Chairman Mao Meets the Apostle Paul: Christianity, Communism, and the Hope of China
Chen, T. Timothy, Journal of the Evangelical Theological Society
Chairman Mao Meets the Apostle Paul: Christianity, Communism, and the Hope of China. By K. K. Yeo. Grand Rapids: Brazos, 2002, 302 pp., $29.99 paper.
In his book, author Yeo Khiok-Khng, Harry R. Kendall Associate Professor of New Testament at Garrett-Evangelical Theological Seminary, evaluates the thought of Mao Zedong and compares it with that of Paul, especially Mao's Utopian ideal with Pauline eschatology. In the process, the author also interprets critically the missionary enterprise in China. In the introduction, Yeo describes himself as a diaspora Chinese Christian who wants to understand the phenomenon of Maoism in China and to connect it with his work in Pauline studies. he points out that both theology and ideology have great implications in politics.
Yeo begins with a survey of biblical and Chinese traditions. Both the millenarian view of history in the OT and the eschatological view of history in the NT are summarized. An overview of Utopian ideas from ancient and modern China is provided, including Chinese views of an ideal state from Confucianists, Legalists, and Daoists, the Chinese cyclic view of history, and the Chinese yin-yang worldview.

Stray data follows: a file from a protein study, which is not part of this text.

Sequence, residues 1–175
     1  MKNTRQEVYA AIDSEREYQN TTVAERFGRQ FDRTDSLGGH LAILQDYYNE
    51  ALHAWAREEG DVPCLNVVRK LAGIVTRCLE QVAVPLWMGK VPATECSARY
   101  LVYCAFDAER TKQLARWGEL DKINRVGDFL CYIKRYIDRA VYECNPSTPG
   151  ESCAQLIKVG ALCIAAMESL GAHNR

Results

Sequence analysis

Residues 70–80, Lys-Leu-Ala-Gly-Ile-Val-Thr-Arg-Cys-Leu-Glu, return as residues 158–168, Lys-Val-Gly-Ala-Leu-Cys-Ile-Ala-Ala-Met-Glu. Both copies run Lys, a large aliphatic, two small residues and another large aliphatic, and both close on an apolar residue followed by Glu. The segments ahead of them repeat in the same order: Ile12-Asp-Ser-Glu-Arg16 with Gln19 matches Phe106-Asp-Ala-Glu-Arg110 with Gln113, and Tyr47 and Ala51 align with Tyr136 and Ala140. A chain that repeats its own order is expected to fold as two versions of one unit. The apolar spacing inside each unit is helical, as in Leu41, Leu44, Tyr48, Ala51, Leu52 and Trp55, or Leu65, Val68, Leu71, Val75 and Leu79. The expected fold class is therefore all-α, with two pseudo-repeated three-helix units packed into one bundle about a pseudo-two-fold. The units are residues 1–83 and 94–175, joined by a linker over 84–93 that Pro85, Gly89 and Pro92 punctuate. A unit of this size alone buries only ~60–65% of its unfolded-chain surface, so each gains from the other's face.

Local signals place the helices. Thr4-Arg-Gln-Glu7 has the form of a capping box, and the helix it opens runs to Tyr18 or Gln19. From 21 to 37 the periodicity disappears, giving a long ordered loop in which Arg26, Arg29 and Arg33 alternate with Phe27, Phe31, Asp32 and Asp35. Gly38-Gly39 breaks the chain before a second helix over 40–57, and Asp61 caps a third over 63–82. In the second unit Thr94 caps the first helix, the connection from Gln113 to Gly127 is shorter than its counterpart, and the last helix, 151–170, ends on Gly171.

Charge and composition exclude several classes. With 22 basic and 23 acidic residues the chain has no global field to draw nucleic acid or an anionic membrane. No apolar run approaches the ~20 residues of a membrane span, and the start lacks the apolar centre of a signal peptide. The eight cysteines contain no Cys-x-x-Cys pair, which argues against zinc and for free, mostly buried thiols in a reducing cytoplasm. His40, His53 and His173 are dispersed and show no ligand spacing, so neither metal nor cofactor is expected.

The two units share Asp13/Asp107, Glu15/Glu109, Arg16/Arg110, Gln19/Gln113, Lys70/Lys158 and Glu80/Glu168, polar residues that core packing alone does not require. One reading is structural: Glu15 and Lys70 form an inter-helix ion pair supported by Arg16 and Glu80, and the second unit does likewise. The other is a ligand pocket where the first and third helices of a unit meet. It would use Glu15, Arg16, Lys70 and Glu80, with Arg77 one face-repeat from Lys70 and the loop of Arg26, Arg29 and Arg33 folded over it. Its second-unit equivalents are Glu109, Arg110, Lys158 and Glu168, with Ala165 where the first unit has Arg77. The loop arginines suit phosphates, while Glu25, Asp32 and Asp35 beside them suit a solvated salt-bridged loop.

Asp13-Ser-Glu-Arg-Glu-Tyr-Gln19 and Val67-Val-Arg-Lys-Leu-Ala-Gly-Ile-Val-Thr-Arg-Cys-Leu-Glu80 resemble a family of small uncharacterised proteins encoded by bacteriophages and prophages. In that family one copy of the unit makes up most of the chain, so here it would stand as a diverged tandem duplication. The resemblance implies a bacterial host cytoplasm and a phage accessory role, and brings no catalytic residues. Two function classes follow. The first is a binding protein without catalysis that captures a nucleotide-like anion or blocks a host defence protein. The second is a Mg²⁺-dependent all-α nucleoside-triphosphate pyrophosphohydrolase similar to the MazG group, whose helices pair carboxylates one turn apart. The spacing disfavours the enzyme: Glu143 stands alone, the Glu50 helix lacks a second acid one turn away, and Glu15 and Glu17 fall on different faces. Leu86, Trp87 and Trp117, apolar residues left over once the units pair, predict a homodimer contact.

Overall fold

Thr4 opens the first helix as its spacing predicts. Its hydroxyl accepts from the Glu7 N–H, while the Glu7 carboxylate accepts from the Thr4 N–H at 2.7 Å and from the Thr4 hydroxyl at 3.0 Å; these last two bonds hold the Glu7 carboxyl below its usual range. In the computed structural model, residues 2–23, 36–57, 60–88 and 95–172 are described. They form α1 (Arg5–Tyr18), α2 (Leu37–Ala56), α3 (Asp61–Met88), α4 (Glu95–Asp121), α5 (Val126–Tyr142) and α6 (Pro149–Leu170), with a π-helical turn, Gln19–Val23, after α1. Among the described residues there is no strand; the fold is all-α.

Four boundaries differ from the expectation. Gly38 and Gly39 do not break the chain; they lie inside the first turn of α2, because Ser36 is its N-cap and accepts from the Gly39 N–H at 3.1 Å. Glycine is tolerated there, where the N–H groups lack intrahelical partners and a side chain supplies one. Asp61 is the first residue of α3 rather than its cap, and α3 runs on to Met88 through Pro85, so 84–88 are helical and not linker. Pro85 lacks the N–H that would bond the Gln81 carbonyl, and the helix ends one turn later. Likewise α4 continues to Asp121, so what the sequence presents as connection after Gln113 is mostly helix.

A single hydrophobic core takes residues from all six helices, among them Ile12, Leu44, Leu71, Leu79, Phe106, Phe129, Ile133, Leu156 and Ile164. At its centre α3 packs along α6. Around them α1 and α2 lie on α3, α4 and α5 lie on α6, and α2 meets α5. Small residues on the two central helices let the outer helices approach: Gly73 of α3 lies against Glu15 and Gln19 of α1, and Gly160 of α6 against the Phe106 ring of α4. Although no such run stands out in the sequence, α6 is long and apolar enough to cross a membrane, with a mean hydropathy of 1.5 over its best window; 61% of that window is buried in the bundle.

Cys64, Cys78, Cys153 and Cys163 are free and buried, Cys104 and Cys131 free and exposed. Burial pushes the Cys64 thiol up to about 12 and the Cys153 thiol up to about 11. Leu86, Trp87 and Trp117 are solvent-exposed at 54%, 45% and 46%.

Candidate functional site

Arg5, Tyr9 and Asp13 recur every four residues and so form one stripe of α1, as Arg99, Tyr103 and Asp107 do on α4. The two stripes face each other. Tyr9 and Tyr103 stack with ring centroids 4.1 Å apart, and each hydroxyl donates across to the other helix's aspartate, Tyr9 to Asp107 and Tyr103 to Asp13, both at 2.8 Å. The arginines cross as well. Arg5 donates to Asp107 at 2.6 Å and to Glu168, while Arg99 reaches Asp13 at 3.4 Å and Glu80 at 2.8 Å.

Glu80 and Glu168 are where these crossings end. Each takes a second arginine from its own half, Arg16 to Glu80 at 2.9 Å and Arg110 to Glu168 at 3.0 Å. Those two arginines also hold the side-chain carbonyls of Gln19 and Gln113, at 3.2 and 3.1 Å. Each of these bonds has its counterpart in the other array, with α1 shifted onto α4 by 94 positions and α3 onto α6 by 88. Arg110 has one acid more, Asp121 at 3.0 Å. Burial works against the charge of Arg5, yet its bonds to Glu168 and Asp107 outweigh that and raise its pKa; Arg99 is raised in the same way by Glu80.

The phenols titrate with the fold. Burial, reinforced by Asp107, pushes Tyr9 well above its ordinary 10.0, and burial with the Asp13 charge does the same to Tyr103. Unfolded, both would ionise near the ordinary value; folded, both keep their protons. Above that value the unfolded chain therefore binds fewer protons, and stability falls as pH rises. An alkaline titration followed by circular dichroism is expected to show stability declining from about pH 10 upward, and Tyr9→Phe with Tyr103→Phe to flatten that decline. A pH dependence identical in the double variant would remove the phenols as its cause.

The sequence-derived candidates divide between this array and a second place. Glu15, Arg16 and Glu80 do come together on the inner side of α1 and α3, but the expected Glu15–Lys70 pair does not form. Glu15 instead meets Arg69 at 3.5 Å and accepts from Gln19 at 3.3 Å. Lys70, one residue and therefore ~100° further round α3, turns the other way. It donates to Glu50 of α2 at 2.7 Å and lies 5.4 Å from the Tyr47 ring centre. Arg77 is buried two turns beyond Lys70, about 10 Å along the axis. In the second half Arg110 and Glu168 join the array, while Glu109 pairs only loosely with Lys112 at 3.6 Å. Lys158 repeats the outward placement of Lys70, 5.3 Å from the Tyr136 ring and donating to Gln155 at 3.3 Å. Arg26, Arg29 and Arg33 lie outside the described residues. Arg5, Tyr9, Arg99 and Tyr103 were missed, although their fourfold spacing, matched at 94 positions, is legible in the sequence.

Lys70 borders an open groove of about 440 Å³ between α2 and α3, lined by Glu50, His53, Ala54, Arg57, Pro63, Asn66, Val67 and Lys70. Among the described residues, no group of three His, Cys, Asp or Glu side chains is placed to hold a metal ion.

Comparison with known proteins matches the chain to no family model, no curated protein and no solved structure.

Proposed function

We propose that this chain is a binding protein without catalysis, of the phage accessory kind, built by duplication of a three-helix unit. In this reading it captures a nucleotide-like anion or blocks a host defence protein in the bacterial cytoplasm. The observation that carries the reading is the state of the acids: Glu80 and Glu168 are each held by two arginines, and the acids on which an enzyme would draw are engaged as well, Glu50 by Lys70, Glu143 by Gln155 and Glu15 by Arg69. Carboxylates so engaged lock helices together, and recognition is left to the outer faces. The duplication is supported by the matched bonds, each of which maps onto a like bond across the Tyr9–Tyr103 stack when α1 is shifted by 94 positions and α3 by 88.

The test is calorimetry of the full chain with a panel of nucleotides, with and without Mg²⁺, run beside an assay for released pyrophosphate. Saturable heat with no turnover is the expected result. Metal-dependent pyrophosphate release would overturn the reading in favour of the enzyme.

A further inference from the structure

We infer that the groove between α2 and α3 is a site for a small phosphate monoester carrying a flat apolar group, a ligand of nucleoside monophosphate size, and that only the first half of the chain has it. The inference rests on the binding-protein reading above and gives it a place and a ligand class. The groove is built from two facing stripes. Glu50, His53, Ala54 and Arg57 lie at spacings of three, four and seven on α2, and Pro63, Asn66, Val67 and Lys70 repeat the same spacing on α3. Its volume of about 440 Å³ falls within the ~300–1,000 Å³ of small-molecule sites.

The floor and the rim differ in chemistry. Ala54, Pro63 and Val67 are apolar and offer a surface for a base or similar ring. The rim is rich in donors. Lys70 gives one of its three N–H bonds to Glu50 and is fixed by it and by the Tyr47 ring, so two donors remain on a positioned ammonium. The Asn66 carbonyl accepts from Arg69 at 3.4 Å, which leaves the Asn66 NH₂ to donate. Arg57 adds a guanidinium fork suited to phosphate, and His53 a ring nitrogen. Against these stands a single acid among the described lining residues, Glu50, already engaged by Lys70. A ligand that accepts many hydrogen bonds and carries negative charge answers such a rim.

Yeo then traces the development of Western political theory through Plato, Aristotle, and Cicero. he mentions Sir Thomas More's contribution to the idea of communism without pointing out that it was related to John Wycliffe's earlier contribution to De civili dominio. he describes the modern socialist utopia as a secularized version of the Christian eschatological vision. Marx's historical materialism went to an extreme, arguing for a revolution to create a proletarian society.
According to Yeo, Maoism is a convergence of Marxism and Chinese views of history. he points out that the Maoist utopia is basically a Chinese one with various contributions from Confucianists, Daoists, secret-society, yin-yang worldview, and Legalists. Another difference between Marxism and Maoism is in the source of historical forces: urban workers versus country peasants. he describes Mao as an idealist who used an anarchistic rule of mass movement and dictatorship as a means to solve China's sociopolitical problem and to continue perpetual revolution. Yeo sees that the masses were equivalent to God in Mao's eyes. Here other historians may beg to differ, seeing Mao as a manipulator who sought to sustain his own grasp of power.
Yeo traces the interaction of Maoism and Christianity in Communist China after 1949. Since a Chinese worldview does not differentiate clearly between the secular and the sacred, it was easy for Mao to replace God or gods with his personality cult. According to Yeo, when the Communist regime came to power, it seriously adopted a policy of religious freedom, and the Chinese church should have clarified for believers and the society the possible fruitful interaction between the communist utopia and the Christian eschaton. However, due to the fundamentalist emphasis on judgment and destruction of the world during the end time, preaching on eschatology was prohibited in China. However, Chinese Christians, through the leadership of the Three-Self Patriotic Movement, live according to Paul's admonitions in the Thessalonian letters.
Not only is Yeo sympathetic to Maoist liberation, he is also very critical of Western missionaries. …